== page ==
The opportunities will be there. Whether they will be suitable or not for you, depends on what you're looking for. Today's situation is major eye-opener to those who expect to go to the sand pit once and spend the rest of their working lives there. This might easily not be the case for many. But, for some looking for a couple of years of variety, it will be just fine, as it has always been.
PilotLZ is offline  
Old 18th Oct 2020, 00:56
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PilotLZ/Flying Cog/GDAJB. Absolutely correct. There maybe a bit more trepidation and some thought to having an out but when jobs are offered but people will put their hands up. I don’t believe anything as widespread as this has happened before. SARS and 911 caused a bump compared to this. Memory like media headlines only last a week particularly when it is not you that is part of the headline and in 5 years’ time this will all be forgotten with expats working all over the world again. It would be nice to think there will be some ramification to airlines/countries that have treated their employees with such contempt but …….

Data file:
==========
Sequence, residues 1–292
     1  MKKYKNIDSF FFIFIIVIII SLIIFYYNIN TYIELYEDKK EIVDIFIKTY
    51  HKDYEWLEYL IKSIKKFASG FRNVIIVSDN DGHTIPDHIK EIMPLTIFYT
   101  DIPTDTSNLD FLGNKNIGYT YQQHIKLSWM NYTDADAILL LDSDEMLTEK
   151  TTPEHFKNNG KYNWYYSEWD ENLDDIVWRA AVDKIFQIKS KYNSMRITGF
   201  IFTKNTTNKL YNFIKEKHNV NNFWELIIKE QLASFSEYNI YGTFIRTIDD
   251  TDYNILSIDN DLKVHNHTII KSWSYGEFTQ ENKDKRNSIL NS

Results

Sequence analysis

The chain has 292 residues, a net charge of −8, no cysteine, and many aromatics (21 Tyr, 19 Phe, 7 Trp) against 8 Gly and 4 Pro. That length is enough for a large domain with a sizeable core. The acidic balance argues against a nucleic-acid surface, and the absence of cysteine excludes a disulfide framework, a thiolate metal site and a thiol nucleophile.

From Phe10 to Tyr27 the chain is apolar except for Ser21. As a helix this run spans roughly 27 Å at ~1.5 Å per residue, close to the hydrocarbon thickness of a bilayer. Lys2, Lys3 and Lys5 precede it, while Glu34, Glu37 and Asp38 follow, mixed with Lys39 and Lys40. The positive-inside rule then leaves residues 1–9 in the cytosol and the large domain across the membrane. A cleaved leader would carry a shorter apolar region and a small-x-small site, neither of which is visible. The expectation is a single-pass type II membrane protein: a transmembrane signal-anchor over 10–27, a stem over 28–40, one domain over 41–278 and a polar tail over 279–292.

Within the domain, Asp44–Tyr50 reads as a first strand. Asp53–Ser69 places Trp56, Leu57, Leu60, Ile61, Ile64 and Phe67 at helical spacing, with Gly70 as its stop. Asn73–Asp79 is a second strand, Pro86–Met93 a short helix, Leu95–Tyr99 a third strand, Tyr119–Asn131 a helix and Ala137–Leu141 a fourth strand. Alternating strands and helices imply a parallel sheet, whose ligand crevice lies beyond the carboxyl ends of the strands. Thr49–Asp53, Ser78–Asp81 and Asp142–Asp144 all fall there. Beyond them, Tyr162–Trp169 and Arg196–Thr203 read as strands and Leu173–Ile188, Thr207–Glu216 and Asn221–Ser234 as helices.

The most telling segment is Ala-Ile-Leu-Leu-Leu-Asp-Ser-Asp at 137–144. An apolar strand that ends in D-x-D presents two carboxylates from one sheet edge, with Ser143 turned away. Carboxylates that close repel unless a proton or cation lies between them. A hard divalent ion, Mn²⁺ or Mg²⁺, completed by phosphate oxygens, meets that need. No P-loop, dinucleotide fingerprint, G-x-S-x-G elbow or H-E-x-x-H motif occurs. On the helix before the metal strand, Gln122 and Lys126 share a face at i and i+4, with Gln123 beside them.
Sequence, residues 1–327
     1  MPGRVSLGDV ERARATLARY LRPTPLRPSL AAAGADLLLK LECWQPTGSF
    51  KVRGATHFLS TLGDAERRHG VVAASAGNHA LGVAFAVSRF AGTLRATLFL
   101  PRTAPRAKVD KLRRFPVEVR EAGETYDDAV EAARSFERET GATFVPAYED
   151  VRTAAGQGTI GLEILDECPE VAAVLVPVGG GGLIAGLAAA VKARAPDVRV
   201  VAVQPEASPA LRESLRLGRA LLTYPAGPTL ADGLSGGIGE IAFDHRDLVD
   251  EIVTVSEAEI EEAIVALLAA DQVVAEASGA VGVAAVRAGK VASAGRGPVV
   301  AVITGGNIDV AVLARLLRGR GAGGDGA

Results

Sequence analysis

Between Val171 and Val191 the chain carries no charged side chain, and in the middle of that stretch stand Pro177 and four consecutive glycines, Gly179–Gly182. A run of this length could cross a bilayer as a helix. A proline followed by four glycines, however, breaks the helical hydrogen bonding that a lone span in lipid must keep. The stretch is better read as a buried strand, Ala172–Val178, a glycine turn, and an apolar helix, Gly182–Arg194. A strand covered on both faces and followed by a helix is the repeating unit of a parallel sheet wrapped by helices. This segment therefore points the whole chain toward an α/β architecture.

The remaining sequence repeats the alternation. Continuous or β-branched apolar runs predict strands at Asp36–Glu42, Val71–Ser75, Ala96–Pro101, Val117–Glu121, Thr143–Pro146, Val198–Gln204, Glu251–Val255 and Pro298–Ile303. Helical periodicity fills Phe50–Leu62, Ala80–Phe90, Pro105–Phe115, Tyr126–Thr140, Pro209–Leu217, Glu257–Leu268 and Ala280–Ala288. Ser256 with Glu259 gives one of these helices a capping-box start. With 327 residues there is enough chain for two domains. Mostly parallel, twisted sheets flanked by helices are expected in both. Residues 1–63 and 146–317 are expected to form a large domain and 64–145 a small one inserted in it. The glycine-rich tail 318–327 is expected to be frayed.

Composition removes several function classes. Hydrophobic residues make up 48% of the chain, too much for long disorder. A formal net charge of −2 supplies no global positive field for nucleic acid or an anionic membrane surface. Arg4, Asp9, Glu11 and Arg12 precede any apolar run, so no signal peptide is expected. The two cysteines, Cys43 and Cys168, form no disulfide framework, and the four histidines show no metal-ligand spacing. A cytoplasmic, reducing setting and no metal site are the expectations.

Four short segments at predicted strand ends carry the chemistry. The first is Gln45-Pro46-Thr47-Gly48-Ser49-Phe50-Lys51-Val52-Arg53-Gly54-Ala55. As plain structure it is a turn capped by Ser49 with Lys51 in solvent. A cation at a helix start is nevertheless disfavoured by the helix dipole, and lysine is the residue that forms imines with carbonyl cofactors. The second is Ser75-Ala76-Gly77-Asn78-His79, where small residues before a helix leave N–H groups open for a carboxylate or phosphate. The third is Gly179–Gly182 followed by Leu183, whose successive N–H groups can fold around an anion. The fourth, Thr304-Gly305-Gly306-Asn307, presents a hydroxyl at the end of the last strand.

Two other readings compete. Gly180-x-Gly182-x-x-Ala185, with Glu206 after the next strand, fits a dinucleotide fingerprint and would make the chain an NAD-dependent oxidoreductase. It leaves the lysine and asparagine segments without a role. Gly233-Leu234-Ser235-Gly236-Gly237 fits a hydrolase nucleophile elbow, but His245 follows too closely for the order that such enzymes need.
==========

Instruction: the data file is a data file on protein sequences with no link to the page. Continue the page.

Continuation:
finestkind is offline  
Old 18th Oct 2020, 09:59
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They could offer jobs that paid $100/month and get literally thousands of applicants, this won’t change anything.
VariablePitchP is offline  
Old 18th Oct 2020, 11:23
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Join Date: Oct 2020
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And Let's not forget

And let's not forget a contingency from RBA is currently engaged in writing policy for the Brunei DCA. Are the inmates writing prison policy? On the upside the BWN-CAI-BWN turn arounds will soon be legal. Hopefully a good Orthopaedic surgeon there to help out with pesky Avmed issues.
aTADshort is offline  
Old 18th Oct 2020, 11:43